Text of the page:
Every year, KNUST the only institution with a live Open Access institutional repository celebrates the International Open Access Week. This takes place in the university community in October and some of the activities are aired on some major radio stations in the country. Activities related to Open Access include: debates, workshops on Open Access Institutional Repository platforms, seminars and many others. During this time, academic and research community at the University and in Ghana gather to learn about the potential benefits of Open Access institutional repositories; share ideas with colleagues; and inspire wider participation in establishing Open Access institutional repositories as a norm in promoting scholarship and research. Currently the awareness of Open Access is growing due to the yearly celebrated Open Access week.
National and Institutional Level Policies/Mandates:
The Kwame Nkrumah University of Science and Technology has a mandatory submission policy. The policy, which was approved by the University, mandates that students, researchers and faculty members deposit their research work, including conference papers, lecture notes and anything of academic and research use into the institutional repository. This will help populate the Open Access repository with the full texts of their research work.
The Freedom of Information bill with the objective of making it mandatory for government agencies to make information freely available to the general public, is in the advanced stage in Parliament and would pass soon into law.
Details of Key Organizations:
The vision of CARLIGH is to be an excellent organization in providing recorded knowledge in all formats, to teaching, learning and research activities in Ghana. CARLIGH is governed by a Constitution which was approved by members and came into force in August 2004. The mission of CARLIGH is to employ collective information resources, available technology, and staff capabilities to improve teaching, learning and research including life long learning, in member institutions and by extension in Ghana.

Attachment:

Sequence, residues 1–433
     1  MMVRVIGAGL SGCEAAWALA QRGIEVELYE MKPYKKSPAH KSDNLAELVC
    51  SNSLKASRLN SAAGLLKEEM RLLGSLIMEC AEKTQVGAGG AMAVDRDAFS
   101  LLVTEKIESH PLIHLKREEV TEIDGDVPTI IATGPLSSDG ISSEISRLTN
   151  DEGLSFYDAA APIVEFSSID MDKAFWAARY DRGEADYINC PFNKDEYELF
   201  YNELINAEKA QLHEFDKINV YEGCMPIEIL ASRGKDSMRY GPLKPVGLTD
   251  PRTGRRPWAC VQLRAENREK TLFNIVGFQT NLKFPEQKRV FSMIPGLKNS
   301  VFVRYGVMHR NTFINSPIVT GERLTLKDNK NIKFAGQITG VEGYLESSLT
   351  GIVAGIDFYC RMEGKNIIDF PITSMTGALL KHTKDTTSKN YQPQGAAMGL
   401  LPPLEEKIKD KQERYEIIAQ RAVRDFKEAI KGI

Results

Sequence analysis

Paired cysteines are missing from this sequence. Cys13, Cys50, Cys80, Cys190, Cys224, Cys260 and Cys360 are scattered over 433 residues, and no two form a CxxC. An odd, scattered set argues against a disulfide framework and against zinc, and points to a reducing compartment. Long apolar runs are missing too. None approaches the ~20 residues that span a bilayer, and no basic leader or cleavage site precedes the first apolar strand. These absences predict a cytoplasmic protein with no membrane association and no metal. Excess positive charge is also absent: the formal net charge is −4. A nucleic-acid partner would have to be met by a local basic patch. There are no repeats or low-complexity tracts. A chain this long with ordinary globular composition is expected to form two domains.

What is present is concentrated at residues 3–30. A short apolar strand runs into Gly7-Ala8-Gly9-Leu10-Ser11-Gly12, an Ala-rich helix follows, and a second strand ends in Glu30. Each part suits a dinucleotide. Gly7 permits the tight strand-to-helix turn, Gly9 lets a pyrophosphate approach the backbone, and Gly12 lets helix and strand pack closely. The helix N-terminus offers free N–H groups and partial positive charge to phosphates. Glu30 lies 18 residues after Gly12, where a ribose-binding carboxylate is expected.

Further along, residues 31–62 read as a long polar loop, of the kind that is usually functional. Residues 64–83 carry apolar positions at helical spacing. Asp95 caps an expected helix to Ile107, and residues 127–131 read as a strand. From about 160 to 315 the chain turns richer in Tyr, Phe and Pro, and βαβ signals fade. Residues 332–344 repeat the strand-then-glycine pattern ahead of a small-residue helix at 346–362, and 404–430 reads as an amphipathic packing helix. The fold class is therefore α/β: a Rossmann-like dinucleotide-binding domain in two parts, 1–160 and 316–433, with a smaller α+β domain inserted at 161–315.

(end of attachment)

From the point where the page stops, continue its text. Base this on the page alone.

AAU is the apex organization and forum for consultation, exchange of information and co-operation among institutions of higher learning in Africa. It represents the voice of higher education in Africa on regional and international bodies and supports networking by institutions of higher education in teaching, research, information exchange and dissemination. The AAU, whose headquarters is in Accra, Ghana, was founded in Rabat, Morocco on November 12, 1967, following recommendations made at an earlier conference organized by the UNESCO in Antananarivo, Madagascar in September 1962 for the formation of such an apex organization. The main objectives of the Association are to promote cooperation among higher education institutions in Africa; collect, classify and disseminate information on higher education and research, particularly in Africa; facilitate cooperation between its members and the international academic world; study and publicize and advocate the educational and related needs of African higher education institutions; and facilitate the exchange of information and experience among members of the academic community, and promote best practices.
The Africa Health Research Organization publishes (together with Medknow Publications) an OA journal Annals of Tropical Medicine & Public Health that provides the forum for exchange of ideas for health professional interested in tropical medicine, public health and social science. Contact: Abubakar Yaro, Editor-In-Chief, PO Box AN6731, Accra North, Ghana, editor(at)atmph.org.